North Cascades National Park Complex is located in northwestern Washington and is composed of three park units: North Cascades National Park, Lake Chelan National Recreation Area, and Ross Lake National Recreation Area. North Cascades National Park Complex lies within two very different biogeographic zones, the temperate marine on the west side of the Cascade crest and the semi-arid continental east of the crest. Elevation gradients are extreme and range from 119 m in the low elevation forested valleys to 2,806 m at high elevation glaciated mountain peaks. Total land area of this extensive mountainous terrain encompasses 276,815 ha, of which approximately 93% is designated wilderness.
The Cascade crest creates a rain shadow effect to the east and a climate that is much more influenced by continental air masses. As a result, east-slope conditions consist of cold winters and warm dry summers, with average annual precipitation measuring from 76 cm in the lower Stehekin Valley to 897 cm along the Cascade crest.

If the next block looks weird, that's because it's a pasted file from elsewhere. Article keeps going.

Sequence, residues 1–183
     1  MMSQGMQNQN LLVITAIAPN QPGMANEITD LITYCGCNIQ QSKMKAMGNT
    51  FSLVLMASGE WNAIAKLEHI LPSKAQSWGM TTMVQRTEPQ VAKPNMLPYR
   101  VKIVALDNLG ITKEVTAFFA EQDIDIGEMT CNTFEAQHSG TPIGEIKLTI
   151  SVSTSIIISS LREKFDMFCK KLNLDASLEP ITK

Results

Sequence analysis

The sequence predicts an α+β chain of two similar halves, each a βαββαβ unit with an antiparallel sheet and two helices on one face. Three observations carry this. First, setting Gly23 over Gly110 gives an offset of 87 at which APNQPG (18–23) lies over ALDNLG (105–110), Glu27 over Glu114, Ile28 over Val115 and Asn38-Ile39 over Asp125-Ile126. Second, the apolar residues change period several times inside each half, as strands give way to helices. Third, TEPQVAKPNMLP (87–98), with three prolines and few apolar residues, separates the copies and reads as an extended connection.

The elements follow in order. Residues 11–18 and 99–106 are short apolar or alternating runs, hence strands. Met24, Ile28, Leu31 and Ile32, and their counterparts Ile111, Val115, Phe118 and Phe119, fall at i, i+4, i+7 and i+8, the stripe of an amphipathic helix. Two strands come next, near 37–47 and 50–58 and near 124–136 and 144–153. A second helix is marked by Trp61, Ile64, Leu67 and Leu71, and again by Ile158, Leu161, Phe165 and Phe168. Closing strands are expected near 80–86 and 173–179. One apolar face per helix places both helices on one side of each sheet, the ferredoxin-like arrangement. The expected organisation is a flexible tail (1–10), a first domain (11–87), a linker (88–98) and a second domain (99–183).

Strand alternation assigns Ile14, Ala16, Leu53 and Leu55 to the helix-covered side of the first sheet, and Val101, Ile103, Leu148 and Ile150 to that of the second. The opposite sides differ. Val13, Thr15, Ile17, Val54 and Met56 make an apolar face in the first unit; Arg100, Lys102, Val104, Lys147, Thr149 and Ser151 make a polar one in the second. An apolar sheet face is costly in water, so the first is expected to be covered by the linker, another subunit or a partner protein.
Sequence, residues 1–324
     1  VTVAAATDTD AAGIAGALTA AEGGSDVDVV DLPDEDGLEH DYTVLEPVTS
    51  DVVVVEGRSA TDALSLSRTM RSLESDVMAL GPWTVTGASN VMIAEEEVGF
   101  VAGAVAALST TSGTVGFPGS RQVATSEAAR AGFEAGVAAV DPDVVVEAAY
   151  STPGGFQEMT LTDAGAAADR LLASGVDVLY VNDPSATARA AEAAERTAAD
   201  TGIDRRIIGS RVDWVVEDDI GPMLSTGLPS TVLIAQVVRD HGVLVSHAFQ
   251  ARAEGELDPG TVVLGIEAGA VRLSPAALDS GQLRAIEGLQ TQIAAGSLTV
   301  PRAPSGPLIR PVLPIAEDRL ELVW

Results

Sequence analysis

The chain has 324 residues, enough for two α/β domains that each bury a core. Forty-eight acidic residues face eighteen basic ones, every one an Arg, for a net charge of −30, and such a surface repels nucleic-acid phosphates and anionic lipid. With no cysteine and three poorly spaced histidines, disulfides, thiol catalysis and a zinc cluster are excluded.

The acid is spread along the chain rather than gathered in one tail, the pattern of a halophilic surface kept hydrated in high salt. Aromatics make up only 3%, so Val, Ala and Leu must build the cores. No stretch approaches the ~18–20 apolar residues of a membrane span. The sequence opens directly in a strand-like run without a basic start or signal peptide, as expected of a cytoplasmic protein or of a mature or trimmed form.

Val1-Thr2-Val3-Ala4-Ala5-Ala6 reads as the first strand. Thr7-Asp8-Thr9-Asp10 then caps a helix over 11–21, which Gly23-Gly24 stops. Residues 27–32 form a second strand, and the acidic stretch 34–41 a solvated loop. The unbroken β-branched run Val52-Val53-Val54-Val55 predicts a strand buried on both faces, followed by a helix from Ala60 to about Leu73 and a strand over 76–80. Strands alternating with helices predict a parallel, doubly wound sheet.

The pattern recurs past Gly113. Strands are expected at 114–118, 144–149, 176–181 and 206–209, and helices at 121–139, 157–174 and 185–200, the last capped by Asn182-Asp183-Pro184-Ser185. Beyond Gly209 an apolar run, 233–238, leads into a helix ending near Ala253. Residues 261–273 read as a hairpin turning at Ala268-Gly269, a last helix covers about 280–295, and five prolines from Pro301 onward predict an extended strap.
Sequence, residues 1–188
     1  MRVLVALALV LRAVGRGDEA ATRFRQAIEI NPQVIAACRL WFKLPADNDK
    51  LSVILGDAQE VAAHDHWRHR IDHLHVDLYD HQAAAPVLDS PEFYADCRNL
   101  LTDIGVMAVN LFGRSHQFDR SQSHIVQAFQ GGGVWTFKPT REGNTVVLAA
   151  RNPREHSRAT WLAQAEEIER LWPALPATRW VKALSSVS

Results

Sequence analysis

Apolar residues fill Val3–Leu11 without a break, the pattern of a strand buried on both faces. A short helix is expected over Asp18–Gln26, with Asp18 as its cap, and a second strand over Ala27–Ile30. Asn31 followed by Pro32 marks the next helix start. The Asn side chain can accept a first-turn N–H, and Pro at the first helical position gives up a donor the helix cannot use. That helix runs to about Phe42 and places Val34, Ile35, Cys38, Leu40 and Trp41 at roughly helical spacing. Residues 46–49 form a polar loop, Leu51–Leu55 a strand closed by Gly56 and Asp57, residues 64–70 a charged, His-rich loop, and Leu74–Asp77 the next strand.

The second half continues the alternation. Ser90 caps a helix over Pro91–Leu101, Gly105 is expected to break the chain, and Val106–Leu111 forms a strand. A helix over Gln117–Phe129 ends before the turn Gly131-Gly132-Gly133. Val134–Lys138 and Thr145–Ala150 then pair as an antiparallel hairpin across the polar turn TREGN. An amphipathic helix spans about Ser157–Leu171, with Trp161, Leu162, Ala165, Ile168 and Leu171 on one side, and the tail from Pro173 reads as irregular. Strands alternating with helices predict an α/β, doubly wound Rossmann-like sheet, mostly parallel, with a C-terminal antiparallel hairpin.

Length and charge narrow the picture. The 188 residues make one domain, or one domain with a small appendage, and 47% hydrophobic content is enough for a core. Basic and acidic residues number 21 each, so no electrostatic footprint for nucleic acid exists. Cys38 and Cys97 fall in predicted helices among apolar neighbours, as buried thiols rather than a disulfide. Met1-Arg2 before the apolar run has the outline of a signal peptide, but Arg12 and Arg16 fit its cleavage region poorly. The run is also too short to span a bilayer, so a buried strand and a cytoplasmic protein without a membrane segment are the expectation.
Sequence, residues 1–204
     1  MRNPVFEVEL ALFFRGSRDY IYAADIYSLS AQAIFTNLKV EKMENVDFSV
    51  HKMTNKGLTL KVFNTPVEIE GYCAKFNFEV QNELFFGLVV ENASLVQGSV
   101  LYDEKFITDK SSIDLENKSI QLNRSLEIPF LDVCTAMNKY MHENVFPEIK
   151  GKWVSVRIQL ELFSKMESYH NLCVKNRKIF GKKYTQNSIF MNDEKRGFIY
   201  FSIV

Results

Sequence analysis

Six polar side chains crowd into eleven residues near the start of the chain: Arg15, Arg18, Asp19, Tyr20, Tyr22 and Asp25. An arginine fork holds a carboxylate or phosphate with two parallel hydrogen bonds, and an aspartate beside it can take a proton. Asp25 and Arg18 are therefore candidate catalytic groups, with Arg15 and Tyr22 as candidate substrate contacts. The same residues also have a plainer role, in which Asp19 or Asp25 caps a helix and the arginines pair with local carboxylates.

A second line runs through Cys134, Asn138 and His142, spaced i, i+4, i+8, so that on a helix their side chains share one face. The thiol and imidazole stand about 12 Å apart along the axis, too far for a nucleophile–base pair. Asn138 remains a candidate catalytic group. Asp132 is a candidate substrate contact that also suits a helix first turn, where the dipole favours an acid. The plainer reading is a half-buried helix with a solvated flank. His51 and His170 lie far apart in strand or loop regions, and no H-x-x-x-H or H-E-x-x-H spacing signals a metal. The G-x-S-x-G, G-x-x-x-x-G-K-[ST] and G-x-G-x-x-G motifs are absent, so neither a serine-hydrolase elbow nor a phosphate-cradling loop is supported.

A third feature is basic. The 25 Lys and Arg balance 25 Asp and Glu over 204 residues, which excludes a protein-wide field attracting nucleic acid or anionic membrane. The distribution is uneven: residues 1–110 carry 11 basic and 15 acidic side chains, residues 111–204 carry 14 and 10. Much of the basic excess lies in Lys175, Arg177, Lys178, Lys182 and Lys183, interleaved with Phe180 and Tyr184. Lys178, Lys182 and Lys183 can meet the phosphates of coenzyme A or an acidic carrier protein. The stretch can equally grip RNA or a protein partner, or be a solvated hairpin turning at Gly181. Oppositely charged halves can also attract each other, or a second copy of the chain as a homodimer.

The North Coast and Cascades Network provides natural resource inventory and monitoring information to help parks make effective, science-based management decisions. Inventories have been completed for birds, fish, mammals, reptiles & amphibians, and vascular plants (see species lists further down the page). Maps and reports detailing North Cascades National Park's vegetation are in progress, and are complete for soils and geologic resources.
For more information about North Cascades National Park Complex, visit the Park website.
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Last updated: September 19, 2019